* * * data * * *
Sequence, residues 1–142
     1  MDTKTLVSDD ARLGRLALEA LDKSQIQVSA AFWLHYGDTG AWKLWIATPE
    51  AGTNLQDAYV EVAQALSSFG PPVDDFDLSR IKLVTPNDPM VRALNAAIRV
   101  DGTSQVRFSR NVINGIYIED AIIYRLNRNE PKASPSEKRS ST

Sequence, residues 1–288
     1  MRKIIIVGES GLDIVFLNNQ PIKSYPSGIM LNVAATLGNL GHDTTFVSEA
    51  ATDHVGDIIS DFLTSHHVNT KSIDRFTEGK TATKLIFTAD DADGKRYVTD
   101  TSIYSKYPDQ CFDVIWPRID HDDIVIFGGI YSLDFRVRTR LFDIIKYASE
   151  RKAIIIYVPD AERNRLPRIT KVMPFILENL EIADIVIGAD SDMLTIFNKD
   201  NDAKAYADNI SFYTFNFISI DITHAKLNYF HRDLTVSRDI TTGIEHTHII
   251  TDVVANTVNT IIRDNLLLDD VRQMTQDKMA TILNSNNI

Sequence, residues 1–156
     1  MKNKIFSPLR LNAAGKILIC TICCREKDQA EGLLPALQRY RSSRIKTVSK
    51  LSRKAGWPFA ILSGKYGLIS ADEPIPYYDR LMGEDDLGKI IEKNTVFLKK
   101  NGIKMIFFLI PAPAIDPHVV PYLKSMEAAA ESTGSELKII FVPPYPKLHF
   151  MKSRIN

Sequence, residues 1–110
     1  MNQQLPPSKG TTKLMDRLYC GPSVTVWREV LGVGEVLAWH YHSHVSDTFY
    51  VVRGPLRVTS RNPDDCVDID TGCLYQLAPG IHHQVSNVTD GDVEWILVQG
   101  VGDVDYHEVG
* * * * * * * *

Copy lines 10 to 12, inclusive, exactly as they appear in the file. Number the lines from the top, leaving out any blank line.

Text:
   201  NDAKAYADNI SFYTFNFISI DITHAKLNYF HRDLTVSRDI TTGIEHTHII
   251  TDVVANTVNT IIRDNLLLDD VRQMTQDKMA TILNSNNI

Sequence, residues 1–156